In the previous posts, I told you everything about BeEF, BeEF hook and showed how to create a malicious HTML game with BeEF hook script, port forwarding in router and how to setup NOIP Dynamic DNS Service in Kali Linux. Now let us combine everything and perform a real attack using BeEF outside the LAN with a little bit of social engineering
In this tutorial, we are going to take this BeEF attack outside the LAN. I will also show you how to access BeEF control panel from outside our network.
What do we have in hand?
- We have BeEF. Click here to install if you dont have it installed.
- A HTML Game with BeEF hook in it. Click here to setup a Web page.
- Port Forwarded (80) Router. Click here to know how to port forward.
- A NOIP hostname (play2048.ddns.net). Click here to set up NOIP.
Before proceeding make sure that you have all these things ready with you.
What we are going to do is, we will set up a server (I am using my Raspberry Pi) which will host the HTML game 2048 with BeEF hook in it. We also setup a NOIP DUC running in it so that it will map the public IP with our hostname (play2048.ddns.net). In order to redirect port 80 traffic from router to Raspberry Pi, we will add a port forwarding rule in the router.
When someone click on our hostname, or if someone type it in the URL, he will be redirected to my router, from where it will be forwarded to my raspberry pi which will serve the malicious webpage. This hooked browser can be viewed and controlled from BeEF control panel which can be accessed outside the network where the server is running.
Let us Start
Setting up Webpage
As mentioned in my previous post, first thing you need is a webpage with BeEF hook script in it. Click here for detailed instructions. Start apache webserver and try to access the webpage by issuing your IP address or 127.0.0.1 (if you are trying from the same machine).
Setting up NOIP
Now setup Dynamic DNS by creating an account in NOIP and setting up Dynamic Update Client in that machine. If you haven’t done that, go ahead and click this link and follow this tutorial to setup one. It is an easy process and it wont take more than 5 Minute.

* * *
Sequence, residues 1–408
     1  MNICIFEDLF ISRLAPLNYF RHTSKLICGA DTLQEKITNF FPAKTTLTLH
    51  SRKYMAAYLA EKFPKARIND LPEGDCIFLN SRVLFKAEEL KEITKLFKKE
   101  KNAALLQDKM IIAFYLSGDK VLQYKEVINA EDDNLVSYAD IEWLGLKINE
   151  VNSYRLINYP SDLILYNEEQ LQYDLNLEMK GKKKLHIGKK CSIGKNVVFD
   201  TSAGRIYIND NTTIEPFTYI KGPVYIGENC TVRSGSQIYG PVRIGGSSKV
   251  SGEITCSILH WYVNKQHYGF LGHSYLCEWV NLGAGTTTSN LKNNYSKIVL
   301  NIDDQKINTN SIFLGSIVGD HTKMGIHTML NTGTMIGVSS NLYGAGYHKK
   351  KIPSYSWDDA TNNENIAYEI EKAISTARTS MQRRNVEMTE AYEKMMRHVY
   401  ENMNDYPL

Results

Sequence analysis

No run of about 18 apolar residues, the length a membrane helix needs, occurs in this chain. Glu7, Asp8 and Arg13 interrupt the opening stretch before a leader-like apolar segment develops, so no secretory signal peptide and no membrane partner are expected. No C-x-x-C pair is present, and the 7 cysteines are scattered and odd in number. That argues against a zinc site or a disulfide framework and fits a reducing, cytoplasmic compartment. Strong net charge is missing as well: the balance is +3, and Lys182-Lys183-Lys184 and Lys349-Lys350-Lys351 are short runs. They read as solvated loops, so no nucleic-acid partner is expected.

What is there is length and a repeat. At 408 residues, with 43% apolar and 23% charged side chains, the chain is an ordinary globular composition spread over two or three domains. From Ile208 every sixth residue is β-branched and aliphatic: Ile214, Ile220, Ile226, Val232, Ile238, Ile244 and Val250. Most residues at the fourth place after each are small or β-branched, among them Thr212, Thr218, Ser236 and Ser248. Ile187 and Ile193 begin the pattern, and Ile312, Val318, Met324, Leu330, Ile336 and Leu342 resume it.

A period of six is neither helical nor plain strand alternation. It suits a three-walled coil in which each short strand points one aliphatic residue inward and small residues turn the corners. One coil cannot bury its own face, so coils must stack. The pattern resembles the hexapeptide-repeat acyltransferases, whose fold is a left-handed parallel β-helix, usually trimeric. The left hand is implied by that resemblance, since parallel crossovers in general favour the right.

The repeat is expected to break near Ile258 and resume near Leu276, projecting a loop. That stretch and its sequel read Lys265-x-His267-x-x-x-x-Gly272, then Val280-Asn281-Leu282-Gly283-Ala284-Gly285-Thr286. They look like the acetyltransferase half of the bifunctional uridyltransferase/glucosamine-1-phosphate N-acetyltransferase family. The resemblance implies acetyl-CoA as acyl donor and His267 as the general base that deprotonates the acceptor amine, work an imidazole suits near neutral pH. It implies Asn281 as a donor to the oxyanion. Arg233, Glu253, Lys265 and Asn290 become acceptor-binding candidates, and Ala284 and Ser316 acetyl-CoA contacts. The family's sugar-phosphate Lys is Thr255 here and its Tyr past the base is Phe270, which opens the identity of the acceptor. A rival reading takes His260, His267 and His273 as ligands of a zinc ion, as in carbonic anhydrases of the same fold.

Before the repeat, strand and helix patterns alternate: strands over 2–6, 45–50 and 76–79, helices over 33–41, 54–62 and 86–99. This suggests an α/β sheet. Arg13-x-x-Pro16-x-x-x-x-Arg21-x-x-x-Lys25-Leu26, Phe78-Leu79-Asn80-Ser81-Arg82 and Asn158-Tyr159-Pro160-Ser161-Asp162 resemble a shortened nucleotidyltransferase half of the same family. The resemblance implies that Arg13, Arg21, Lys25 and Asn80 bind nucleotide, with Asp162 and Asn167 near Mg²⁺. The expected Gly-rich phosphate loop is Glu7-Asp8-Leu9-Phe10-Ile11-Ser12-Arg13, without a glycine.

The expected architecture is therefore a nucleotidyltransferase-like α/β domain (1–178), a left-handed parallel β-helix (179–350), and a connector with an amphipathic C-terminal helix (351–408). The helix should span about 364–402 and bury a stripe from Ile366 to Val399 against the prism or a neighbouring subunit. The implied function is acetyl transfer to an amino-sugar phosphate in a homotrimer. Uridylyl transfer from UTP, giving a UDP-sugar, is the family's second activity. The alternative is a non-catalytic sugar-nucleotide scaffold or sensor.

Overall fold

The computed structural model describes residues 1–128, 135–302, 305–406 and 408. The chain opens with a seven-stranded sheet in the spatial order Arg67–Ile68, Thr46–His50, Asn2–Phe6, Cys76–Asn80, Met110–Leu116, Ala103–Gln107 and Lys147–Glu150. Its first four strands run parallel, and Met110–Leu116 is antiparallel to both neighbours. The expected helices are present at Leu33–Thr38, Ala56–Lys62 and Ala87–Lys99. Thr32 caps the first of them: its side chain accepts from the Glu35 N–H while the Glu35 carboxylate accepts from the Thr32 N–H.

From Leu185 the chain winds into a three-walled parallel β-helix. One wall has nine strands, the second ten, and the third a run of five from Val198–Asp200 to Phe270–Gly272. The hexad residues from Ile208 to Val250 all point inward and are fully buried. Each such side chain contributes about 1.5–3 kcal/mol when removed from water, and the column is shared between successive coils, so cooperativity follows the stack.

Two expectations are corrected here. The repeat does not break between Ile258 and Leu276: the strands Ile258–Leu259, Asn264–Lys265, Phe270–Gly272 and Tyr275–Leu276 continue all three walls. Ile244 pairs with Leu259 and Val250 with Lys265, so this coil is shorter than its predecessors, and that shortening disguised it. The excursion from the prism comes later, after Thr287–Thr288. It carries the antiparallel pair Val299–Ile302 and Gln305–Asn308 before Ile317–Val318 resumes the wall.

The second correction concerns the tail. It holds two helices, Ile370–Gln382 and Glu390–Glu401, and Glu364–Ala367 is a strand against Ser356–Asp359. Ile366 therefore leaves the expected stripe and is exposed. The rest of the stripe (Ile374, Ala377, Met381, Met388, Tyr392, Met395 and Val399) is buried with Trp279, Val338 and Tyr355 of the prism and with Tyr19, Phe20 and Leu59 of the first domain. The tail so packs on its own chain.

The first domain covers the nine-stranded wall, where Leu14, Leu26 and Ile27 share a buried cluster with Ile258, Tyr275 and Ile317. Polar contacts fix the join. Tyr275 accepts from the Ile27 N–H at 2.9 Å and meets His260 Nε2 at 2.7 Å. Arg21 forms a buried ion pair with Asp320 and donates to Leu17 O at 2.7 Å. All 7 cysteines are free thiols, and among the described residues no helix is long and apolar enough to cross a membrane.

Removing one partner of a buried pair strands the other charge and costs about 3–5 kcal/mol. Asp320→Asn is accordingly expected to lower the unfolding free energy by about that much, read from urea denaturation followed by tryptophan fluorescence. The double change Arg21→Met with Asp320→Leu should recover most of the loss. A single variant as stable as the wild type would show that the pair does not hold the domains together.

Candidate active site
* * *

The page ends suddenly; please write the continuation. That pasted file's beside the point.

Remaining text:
In order to forward packets from your router to the Raspberry Pi. You will have to add port forwarding rules to the router. In THIS case, we will have to forward 2 ports in order to make it fully functional (3, if you want SSH access to start or stop BeEF remotely).
Port 80 – It is the port that the server “listens to” or expects to receive from a Web client. We will be using this port to access 2048 game’s web page.
Port 3000 – It is the port that is used by BeEF. All the communication from and to BeEF will be going through port 3000. So in order to execute hook script and access the interface from a remote location, this port must be forwarded to the server.
If all the three steps are done correctly you will be now having a remote server which can be accessed from anywhere around the world.
Now you can start beef and access the UI by issuing “http://play2048.ddns.net:3000/ui/panel”. If everything is done correctly, you will be seeing you BeEFs login page. Provide the credentials (beef:beef) and login to the dashboard.
All you have to do is send the link “http://play2048.ddns.net” to your victim. Since I am using a hostname instead of an IP address, people will think that it is a legitimate link.
When the victim click on this link, his browser will be hooked and can be viewed in the BeEF dashboard. You can use any attacking modules that are available in Framework remotely.